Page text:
Wicker Basket

Relationship: Im/migrant

This wicker basket is about persecution, flight, hope, and renewal. 

My parents, Samuel and Ruth Vogel, bought it in Dzambul, Kazakhstan, where they met and married in 1944. They had separately fled the German invasion of Poland in 1939, traveling eastward into the Soviet Union, through whose open borders more than one million Jews found refuge from Nazi brutality. After spending most of World War II in Siberia, they were able to start moving westward after the Nazi defeat at the Battle of Stalingrad in 1943. I was born in Dzambul in August 1945, soon after the war ended. As my parents made plans to return to Poland, which they did later that year, my father bought a number of kufaika (Soviet Army surplus double-sided quilted coats)—and this wicker basket to hold them—assuming he would find a market for them in Poland. No one wanted the coats in Poland and he discarded them, but kept the basket. Poland was dangerous for returning Jewish refugees, so they fled again, reaching the American Zone in Germany, where we lived until gaining entry to the United States under the 1948 Refugee Act in October 1949.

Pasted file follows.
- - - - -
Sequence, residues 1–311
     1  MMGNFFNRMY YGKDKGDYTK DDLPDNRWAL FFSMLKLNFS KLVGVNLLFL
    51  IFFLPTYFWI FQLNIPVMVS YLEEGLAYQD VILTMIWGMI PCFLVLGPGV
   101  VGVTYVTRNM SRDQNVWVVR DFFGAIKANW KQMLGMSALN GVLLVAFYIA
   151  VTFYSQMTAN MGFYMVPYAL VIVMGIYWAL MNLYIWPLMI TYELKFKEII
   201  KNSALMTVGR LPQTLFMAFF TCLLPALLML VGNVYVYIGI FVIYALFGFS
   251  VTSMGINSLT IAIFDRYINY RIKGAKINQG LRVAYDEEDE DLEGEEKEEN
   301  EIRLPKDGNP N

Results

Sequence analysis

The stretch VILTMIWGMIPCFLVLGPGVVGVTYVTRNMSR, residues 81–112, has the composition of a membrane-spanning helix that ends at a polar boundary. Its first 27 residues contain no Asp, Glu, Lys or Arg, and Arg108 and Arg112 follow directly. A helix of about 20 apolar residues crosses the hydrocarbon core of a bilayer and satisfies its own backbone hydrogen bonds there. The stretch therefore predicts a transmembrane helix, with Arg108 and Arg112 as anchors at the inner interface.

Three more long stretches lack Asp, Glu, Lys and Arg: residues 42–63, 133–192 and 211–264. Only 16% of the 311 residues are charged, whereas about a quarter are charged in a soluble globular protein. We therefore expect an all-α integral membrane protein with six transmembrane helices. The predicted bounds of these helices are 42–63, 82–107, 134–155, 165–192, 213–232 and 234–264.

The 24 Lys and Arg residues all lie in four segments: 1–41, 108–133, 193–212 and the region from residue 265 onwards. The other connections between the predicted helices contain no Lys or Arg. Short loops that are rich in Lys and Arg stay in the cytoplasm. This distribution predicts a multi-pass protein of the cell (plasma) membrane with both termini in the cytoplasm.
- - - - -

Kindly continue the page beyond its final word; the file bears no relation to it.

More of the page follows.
When the Hebrew Immigrant Aid Society (HIAS) arranged our flight to the United States, my parents shipped their quilts, pillows, and such by ship in this wicker basket. The basket stayed in our Norwich, CT home until 1976, when I claimed it as a toy basket after our first child, Kenny, was born. It held his toys and Jon’s in suburban Philadelphia until both grew up.

Year: 1949

– Morris Vogel

Relationship:  Im/migrant Im/migrant